Lopez: What’s so important about generosity in the Christian life?
I think we’re all kind of like quarterbacks in life. God snaps the ball of life to us and it’s our job to pass it along so someone can score.
Jansen: We’re called to be like Jesus. He shares with people. He helps people. He gives thanks in the Gospels. I’m not sure we’re supposed to hold on to the things in life. We need to give them away. I don’t mean that all of us should be giving up our homes, but to help others if you have the means to create a home physically and spiritually. I think we’re all kind of like quarterbacks in life. God snaps the ball of life to us and it’s our job to pass it along so someone can score. Sometimes we stumble, sometimes we get sacked, and sometimes there’s an incomplete. But sometimes we help the team, the people of the living Christ, to reach the end zone. There’s a reason they call a long pass a Hail Mary! Just give it away, man!
Lopez: You write, “We are called by God to be bold, courageous human beings infused with the Holy Spirit. We are called to be heroic.” Everyone? Is 15 minutes a day going to work that miracle?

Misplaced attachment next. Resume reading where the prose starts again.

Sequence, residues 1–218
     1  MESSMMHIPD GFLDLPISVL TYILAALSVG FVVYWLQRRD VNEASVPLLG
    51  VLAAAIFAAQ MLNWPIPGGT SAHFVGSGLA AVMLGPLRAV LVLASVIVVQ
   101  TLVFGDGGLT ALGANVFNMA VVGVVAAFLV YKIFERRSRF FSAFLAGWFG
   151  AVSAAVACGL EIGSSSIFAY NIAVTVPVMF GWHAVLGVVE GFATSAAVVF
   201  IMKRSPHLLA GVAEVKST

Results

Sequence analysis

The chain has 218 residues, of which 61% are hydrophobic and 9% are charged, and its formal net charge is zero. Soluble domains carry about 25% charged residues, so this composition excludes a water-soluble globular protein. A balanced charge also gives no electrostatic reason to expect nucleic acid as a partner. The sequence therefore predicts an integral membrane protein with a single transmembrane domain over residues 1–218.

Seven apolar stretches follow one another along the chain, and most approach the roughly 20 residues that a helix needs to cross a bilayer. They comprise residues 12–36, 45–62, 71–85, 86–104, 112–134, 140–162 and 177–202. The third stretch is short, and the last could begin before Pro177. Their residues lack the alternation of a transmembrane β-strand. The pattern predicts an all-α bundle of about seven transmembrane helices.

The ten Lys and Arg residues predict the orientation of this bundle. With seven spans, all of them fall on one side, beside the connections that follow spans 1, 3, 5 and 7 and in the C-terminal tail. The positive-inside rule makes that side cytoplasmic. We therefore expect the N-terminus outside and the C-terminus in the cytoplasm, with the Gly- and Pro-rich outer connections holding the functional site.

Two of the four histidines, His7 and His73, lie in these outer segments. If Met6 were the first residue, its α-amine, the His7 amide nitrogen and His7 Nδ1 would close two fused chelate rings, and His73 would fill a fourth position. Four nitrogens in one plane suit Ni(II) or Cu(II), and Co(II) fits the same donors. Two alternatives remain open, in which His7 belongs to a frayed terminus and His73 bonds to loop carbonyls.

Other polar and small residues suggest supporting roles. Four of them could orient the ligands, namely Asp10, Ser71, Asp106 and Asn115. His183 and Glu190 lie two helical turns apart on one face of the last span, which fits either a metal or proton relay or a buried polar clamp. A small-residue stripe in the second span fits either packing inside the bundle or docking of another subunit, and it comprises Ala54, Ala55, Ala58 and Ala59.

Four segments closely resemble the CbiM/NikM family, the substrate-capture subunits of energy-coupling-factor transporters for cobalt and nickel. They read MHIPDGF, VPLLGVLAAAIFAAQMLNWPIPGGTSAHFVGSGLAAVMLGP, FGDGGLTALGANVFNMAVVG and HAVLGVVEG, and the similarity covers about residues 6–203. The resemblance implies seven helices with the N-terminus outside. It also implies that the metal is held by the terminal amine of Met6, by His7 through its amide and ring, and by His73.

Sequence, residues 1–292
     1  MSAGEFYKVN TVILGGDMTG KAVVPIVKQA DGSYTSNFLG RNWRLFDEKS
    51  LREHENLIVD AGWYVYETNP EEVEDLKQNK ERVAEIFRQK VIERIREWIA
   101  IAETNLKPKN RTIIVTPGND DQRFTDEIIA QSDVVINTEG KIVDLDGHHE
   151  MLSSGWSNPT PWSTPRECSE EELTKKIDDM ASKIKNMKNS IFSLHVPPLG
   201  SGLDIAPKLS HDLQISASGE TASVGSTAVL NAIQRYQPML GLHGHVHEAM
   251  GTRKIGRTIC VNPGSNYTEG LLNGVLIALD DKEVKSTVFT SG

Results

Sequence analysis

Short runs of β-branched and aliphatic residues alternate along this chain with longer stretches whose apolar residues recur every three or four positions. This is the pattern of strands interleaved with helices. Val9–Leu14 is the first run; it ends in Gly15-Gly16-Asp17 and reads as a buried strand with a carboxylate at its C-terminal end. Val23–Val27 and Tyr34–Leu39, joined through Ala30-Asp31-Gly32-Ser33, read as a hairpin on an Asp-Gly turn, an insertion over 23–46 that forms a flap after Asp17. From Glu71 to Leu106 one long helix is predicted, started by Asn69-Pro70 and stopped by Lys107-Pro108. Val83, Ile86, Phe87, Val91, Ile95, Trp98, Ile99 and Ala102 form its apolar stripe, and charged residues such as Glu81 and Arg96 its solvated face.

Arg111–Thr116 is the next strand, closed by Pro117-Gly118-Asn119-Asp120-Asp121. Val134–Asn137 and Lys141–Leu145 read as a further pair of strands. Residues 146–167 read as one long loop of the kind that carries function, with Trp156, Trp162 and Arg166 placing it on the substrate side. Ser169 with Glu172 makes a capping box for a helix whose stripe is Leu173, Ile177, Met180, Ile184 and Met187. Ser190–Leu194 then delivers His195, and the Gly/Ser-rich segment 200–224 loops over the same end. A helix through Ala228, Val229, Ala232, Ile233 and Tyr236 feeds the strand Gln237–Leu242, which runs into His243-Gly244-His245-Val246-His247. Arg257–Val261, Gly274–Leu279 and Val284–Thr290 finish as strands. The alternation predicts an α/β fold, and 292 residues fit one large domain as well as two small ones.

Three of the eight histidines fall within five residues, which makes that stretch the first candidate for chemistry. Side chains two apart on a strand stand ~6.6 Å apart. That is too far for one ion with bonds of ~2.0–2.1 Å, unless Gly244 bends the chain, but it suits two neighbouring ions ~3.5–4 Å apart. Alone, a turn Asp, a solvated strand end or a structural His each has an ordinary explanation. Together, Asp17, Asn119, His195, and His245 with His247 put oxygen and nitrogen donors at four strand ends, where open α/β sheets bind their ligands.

Jansen: Jesus was a hero. He laid down his life for us. There is no greater gift. We’re called to be like Jesus, so yes, I think everyone is called to be heroic. Heroism is about putting others first. You can be a heroic mom or dad, a heroic brother and sister, a heroic stranger. You can be heroic in your prayer life by putting God first and saying, “God, look, I talk all the time, but I just want to listen today. What can I do for you?” Put God first. Put Jesus first. Put the Holy Spirit first and you soon find out that you’re putting the people around you first as well. All these firsts! The great paradox. Prayer helps get us to a place where we can live from a heroic heart. Sounds daunting? Try it for a day and see what happens. David Bowie got it right: “We can be heroes, just for one day.” Then try it again. I think in time you’ll see that miracles can happen in your life every day.
– Kathryn Jean Lopez is senior fellow at the National Review Institute and editor-at-large of National Review Online. She is co-author of the new revised and updated edition of How to Defend the Faith without Raising Your Voice (available from Our Sunday Visitor and Amazon.com). Sign up for her weekly newsletter here.